What (If Anything) Can Justify Basic Income Experiments? Balancing Costs and Benefits in Terms of Justice

Basic Income Studies 16 (1):11-25 (2021)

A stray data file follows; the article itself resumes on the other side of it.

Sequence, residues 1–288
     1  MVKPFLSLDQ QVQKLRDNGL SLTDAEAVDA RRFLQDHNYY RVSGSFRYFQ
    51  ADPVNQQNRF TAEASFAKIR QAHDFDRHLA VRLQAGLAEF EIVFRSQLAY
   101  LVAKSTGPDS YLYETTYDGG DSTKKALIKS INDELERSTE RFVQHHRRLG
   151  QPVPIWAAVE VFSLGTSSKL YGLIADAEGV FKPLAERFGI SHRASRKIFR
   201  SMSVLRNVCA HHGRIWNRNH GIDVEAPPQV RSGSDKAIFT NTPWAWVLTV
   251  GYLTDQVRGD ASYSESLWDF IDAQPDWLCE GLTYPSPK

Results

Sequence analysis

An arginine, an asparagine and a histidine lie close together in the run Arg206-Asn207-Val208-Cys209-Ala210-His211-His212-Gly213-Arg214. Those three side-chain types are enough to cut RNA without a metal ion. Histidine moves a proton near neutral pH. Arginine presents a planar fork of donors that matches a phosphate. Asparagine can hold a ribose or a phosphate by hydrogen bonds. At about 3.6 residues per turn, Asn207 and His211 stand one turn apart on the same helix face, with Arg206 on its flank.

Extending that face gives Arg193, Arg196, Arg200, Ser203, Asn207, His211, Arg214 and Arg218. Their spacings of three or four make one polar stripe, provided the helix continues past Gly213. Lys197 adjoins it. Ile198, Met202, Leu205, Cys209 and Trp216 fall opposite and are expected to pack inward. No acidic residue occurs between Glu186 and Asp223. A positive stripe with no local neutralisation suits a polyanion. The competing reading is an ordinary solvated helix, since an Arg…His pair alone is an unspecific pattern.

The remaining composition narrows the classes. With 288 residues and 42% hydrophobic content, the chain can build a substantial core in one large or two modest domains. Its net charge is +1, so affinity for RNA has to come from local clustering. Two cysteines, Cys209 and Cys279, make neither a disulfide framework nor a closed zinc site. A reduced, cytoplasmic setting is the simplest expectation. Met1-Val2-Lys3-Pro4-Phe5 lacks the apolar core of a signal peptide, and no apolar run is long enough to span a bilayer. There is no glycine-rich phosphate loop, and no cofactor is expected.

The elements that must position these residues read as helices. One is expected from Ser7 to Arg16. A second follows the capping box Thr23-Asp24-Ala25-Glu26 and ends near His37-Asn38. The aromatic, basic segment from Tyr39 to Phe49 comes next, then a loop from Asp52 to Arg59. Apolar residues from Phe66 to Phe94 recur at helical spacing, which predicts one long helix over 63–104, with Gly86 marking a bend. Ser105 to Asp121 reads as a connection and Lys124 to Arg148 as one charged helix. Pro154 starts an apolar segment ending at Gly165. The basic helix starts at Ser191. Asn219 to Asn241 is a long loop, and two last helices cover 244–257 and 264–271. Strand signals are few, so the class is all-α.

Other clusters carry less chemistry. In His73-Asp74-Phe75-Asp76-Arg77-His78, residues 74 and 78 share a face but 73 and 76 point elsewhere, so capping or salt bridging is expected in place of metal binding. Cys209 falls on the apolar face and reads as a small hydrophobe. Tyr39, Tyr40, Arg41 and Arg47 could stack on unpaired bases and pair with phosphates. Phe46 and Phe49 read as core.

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The central thesis of this essay is that basic income experiments are justified if their expected benefits in terms of justice exceed their expected costs in terms of justice. The benefits are a function of basic income’s effect on the level of justice attained in the context in which it is implemented, and the experiment’s impact on future policy-making. The costs comprise the sacrifices made as a result of the experiment’s interventional character, as well as the study’s opportunity costs. In light of the proposed standard of justification for basic income experiments, the factors that play a role in it, and the way these interact with one another, this essay provides some practical recommendations for researchers hoping to conduct such an experiment.
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